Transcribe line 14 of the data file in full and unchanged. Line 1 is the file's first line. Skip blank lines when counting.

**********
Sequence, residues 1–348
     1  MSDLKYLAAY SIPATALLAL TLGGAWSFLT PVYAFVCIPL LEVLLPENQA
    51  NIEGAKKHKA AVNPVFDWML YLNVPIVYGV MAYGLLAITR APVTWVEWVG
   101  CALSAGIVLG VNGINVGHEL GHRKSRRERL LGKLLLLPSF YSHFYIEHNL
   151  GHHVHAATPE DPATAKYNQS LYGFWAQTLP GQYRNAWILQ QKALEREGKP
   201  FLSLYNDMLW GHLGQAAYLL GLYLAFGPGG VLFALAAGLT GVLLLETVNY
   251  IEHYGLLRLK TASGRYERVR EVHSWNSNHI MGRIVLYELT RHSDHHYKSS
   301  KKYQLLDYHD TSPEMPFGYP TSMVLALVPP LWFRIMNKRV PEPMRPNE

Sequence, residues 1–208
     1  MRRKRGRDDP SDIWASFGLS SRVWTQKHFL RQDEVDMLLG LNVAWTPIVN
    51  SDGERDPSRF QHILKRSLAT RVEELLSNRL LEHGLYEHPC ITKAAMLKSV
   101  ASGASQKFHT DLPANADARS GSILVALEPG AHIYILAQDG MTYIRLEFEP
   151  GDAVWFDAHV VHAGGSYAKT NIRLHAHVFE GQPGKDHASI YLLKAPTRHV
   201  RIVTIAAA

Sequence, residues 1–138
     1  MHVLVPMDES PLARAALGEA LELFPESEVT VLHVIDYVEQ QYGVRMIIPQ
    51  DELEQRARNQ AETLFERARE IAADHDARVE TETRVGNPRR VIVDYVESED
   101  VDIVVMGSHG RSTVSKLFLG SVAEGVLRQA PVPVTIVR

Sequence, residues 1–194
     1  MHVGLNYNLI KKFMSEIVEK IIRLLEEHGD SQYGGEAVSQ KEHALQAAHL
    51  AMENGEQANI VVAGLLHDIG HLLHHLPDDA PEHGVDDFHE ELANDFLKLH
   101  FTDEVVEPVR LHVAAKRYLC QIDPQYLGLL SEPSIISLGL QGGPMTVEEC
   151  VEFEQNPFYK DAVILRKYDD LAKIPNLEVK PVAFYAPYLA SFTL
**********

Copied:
   201  RIVTIAAA